inhibitors) may be counterbalanced by persistent anemia, thus leading to a
slower functional recovery," Dr. Ripamonti and colleagues conclude. Chest
ACE Inhibitors and kidney disease
Captopril is used to treat kidney problems in some diabetic patients who use insulin to control their diabetes. Over time, these kidney problems may get worse. Captopril may help slow down the further worsening of kidney problems.
ACE inhibitor and diabetes
In one study, treatment with ACE inhibitors appeared to delay mortality in patients with diabetes who also have microalbuminuria (and pre-existing heart disease) or frank albuminuria. However, a 3 year study with the ace inhibitor ramipril did not show any benefit. For the time being, diet and exercise are better options for the delay of diabetic symptoms that the use of an ace inhibitor.
with an ACE inhibitor is associated with a decreased risk of rupture in
patients with abdominal aortic aneurysm.
Types of ACE Inhibitor drugs
Benazepril - Lotensin - is used to treat high blood pressure.
Captopril - Capoten
Enalapril - Vasotec
Fosinopril - Monopril -
Lisinopril - Prinivil or Zestril
Moexipril - Univasc
Quinapril - Accupril
Ramipril - Altace - Contrary to previous research suggesting that ramipril may check the progression to diabetes in pre-diabetics, 3-year results of a multinational, prospective trial failed to show that this ace inhibitor is superior to placebo in reducing the incidence of diabetes or death in a cohort of patients with impaired fasting glucose levels or impaired glucose tolerance. N Engl J Med 2006.
Perindopril - Aceon
Trandolapril - Mavik
ACE inhibitor side effects,
caution, safety and risks
Cough is a common ACE inhibitor side effect. The other most common side effects include headache, and dizziness. ACE inhibitors may sometimes cause elevated amounts of potassium in the blood. Your doctor can do blood tests to monitor your potassium levels. Rare adverse reactions include skin rash, kidney problems, and swelling of the face, lips, and throat.
A dry, irritating, nonproductive cough is a common ACE inhibitors side effect, Up to 40 percent of those prescribed these medications may have annoying cough symptoms. Cough has been attributed to an increase in bradykinin and/or other vasoactive peptides, such as Substance P, which may play a second messenger role in setting off the cough reflex. If a patient placed on an ACE inhibitor has chronic cough, it may be a good idea to stop it and try another medicine for the condition being treated.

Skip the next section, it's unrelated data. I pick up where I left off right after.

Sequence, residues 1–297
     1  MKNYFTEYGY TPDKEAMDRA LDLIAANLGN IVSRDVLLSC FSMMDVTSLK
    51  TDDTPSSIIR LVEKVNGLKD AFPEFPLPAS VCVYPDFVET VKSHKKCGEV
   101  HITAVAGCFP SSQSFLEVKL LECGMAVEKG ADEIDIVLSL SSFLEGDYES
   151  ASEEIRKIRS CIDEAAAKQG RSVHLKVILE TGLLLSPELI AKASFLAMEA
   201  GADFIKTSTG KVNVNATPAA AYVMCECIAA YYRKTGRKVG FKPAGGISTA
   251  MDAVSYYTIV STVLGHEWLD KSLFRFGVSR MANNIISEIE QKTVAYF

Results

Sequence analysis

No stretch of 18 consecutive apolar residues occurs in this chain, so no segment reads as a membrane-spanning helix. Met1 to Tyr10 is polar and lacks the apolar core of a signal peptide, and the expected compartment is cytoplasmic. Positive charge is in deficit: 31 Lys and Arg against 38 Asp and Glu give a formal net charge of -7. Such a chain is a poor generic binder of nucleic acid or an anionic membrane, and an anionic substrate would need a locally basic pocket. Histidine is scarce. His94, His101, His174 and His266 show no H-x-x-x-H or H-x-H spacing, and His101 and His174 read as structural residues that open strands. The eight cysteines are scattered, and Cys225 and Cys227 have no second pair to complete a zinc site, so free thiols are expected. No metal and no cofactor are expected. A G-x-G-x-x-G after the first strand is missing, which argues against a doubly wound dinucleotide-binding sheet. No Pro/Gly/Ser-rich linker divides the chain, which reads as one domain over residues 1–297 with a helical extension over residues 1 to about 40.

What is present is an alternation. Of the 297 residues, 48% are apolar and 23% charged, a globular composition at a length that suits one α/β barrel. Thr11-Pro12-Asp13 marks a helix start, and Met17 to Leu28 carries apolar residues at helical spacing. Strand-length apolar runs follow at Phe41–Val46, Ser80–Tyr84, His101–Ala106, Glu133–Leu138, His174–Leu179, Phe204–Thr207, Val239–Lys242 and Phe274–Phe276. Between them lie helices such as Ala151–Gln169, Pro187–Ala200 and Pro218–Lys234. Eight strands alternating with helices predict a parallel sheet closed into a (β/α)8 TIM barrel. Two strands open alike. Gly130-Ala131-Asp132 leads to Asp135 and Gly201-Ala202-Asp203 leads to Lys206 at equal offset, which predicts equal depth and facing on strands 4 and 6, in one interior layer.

The risk of angioedema -- localized swelling in the deep layers of the skin that usually affects the face, throat, lips or tongue -- is much more likely with angiotensin converting enzyme inhibitors than with other antihypertensive drugs.
There is still no agreement in the medical community as to whether ACE
inhibitors lead to impotence or erectile dysfunction.
Ace inhibitors were previously thought to be safe when taken early in pregnancy but now appear to raise the risk of major birth defects. Babies whose mothers took ACE inhibitors in their first trimester were more than twice as likely to be born with serious heart and brain problems than those not exposed to any pressure-lowering medicines. Other types of blood pressure drugs did not raise the risk to babies. About 10 percent of pregnant women develop high blood pressure, which can lead to a heart attack or stroke. A national survey found the number of ACE inhibitor prescriptions given to women of childbearing age increased from 1.4 million in 1995 to 2.7 million in 2002. ACE inhibitors already carry a strong Food and Drug Administration “black box” warning about their dangers in the later stages of pregnancy, and the label says the drugs should be discontinued when pregnancy is detected. But little has been known about their early effects.
Can an ace inhibitor be taken with glucosamine sulfate or cat's claw? What about with fish oils and krill oil supplements or a multivitamin pill?
Not enough research has been done to determine the interaction between ace inhibitors and herbs and nutrients. However, glucosamine, used for osteoarthritis, is a safe supplement and can be used with most drugs. There is not as much information regarding cat's claw. One to three fish oil or krill oil supplements should not interfere with the function of ace inhibitors. In fact fish oils can lower blood pressure. A low dose multivitamin should be fine.